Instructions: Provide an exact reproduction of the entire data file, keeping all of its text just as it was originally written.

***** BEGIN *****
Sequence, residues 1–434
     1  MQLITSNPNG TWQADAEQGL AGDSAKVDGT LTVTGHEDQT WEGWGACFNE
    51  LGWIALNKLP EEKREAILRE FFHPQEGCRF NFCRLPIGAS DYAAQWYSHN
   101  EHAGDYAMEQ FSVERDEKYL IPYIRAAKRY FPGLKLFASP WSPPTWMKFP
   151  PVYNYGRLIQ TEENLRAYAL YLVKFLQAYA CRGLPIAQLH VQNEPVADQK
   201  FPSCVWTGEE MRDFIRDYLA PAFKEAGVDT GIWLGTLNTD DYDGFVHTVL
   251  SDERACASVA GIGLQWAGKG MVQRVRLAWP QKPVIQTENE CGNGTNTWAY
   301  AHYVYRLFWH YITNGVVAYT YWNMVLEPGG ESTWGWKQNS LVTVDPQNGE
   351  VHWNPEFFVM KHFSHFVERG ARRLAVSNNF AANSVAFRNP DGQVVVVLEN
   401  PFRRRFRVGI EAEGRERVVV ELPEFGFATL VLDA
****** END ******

Sequence, residues 1–434
     1  MQLITSNPNG TWQADAEQGL AGDSAKVDGT LTVTGHEDQT WEGWGACFNE
    51  LGWIALNKLP EEKREAILRE FFHPQEGCRF NFCRLPIGAS DYAAQWYSHN
   101  EHAGDYAMEQ FSVERDEKYL IPYIRAAKRY FPGLKLFASP WSPPTWMKFP
   151  PVYNYGRLIQ TEENLRAYAL YLVKFLQAYA CRGLPIAQLH VQNEPVADQK
   201  FPSCVWTGEE MRDFIRDYLA PAFKEAGVDT GIWLGTLNTD DYDGFVHTVL
   251  SDERACASVA GIGLQWAGKG MVQRVRLAWP QKPVIQTENE CGNGTNTWAY
   301  AHYVYRLFWH YITNGVVAYT YWNMVLEPGG ESTWGWKQNS LVTVDPQNGE
   351  VHWNPEFFVM KHFSHFVERG ARRLAVSNNF AANSVAFRNP DGQVVVVLEN
   401  PFRRRFRVGI EAEGRERVVV ELPEFGFATL VLDA